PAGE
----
[0036] In yet a further embodiment of the method of bonding wafers using a metal interlayer, dielectric material is not removed from the upper interconnect layer 230 d (or 280 d)—i.e., the action recited in block 110 is not performed—thereby lowering processing time and costs. This is illustrated in FIG. 7, which shows a metal interlayer 250 comprising a number of islands 255—or other metal interlayer (e.g., see FIGS. 3A-3B, 4, and 6A-6B)—formed on conductors 233 u, wherein no portions of the upper interconnect layer 230 d have been removed by etching (or other material removal process).

[0037] In yet another embodiment, rather than depositing a metal interlayer on the upper conductors 233 u, 283 u of either one or both of the wafers 201, 202, the upper conductors are themselves comprised of a metal that is capable of bonding at a relatively low temperature (e.g., 300° C., or less). In one embodiment, the upper conductors 233 u of the interconnect 220 on first wafer 201 (and/or conductors 283 u of interconnect 270 on second wafer 202) comprise Silver, and in another embodiment, the upper conductors 233 u of first wafer 201 (and/or conductors 283 u of second wafer 202) comprise Gold. However, it should be understood that the conductors 233 u (and/or conductors 283 u) may comprise any other suitable metal (e.g., a noble metal such as Ruthenium, Osmium, Iridium, Palladium, Rhodium, Platinum, or an alloy thereof). Also, the upper conductors 233 u, 283 u of the first and second wafers 201, 202, respectively, may comprise the same metal (e.g., Silver) or, in an alternative embodiment, different metals (e.g., Silver and Gold, Silver and Copper, etc.). Any combination of metals may be selected for the conductors 233 u, 283 u in the uppermost ILD layers of the first and second wafer interconnects 220, 270, so long as the conductors 233 u, 283 u can be bonded together at a relatively low temperature.

[0038] The embodiments for wafer bonding described above may be used to form a wafer stack comprising any suitable number and type of wafers that have been bonded to one another using a metal interlayer. The use of the disclosed metal interlayer can significantly lower the bonding temperature (e.g., 300° C., or less), thereby reducing thermal cycle times and, accordingly, processing time. Thus, throughput and efficiency are increased. Also, by inhibiting corrosion and electromigration, and by minimizing thermal stresses, reliability of the wafer-to-wafer bond is improved.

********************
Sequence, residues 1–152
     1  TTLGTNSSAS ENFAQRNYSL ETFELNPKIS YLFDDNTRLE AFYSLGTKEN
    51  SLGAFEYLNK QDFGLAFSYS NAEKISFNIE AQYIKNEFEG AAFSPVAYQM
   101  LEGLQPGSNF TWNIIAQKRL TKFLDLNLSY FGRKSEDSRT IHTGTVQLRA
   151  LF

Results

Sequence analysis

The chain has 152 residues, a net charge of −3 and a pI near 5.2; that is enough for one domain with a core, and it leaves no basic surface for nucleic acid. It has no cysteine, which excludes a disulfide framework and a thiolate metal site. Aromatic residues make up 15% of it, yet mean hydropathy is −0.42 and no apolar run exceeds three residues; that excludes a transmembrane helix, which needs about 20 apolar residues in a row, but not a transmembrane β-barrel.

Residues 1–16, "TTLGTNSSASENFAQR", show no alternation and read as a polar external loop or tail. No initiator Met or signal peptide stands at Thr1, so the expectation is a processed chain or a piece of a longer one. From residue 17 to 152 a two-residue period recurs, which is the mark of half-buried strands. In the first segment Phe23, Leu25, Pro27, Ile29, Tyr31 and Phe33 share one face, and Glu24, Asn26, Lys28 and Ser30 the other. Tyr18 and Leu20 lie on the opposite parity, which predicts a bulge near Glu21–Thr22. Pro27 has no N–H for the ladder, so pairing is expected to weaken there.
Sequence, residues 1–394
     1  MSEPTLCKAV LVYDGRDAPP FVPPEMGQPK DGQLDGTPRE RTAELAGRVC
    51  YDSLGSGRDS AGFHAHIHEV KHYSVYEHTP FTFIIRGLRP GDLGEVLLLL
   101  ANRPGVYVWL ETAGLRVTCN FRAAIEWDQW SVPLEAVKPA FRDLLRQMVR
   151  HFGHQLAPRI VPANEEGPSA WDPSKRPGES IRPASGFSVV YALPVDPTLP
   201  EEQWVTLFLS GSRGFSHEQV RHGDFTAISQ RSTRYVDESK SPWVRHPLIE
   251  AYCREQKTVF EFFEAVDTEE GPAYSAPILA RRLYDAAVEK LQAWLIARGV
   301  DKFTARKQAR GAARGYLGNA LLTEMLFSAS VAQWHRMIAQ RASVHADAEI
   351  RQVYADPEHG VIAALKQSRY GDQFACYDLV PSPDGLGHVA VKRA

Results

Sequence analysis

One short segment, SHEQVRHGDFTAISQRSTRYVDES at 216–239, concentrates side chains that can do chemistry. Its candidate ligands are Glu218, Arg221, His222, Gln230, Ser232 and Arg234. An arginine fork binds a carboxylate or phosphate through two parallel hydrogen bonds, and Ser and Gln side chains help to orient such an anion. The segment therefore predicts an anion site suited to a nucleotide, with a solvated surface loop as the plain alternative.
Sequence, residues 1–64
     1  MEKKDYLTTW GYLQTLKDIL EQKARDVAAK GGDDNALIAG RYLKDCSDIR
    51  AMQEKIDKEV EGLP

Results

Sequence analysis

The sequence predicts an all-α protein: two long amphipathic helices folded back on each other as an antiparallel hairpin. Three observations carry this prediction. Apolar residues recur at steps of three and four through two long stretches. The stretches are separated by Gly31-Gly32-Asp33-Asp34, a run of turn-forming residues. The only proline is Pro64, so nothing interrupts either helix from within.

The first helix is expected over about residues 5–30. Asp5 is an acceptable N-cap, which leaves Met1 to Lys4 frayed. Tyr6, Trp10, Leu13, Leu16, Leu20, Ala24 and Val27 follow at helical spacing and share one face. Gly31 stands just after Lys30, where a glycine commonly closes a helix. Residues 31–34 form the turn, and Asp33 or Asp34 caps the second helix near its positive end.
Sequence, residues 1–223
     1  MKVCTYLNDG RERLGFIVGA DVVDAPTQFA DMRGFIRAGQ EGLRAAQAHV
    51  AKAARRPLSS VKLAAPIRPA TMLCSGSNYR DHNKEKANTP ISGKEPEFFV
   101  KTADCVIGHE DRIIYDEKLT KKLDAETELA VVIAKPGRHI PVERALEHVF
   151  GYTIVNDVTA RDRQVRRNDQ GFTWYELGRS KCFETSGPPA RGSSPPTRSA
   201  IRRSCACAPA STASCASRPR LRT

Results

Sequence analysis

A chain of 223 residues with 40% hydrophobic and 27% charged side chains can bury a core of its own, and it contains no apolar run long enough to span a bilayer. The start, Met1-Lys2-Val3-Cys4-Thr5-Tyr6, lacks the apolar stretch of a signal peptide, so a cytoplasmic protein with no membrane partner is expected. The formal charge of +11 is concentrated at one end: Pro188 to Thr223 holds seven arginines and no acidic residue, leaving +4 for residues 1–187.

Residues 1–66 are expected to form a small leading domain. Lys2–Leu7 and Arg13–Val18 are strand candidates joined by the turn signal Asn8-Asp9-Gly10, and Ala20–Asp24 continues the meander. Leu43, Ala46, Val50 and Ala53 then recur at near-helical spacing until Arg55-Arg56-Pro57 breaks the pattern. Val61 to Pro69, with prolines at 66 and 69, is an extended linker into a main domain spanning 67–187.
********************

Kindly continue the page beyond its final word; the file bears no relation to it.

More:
[0039] The foregoing detailed description and accompanying drawings are only illustrative and not restrictive. They have been provided primarily for a clear and comprehensive understanding of the disclosed embodiments and no unnecessary limitations are to be understood therefrom. Numerous additions, deletions, and modifications to the embodiments described herein, as well as alternative arrangements, may be devised by those skilled in the art without departing from the spirit of the disclosed embodiments and the scope of the appended claims.

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DateCodeEventDescription
Dec 22, 2003ASAssignment
Owner name: INTEL CORPORATION, CALIFORNIA
Free format text: ASSIGNMENT OF ASSIGNORS INTEREST;ASSIGNORS:RAMANATHAN, SHRIRAM;CHEBIAM, RAMANAN;KOBRINSKY, MAURO J.;AND OTHERS;REEL/FRAME:014810/0641
Effective date: 20030902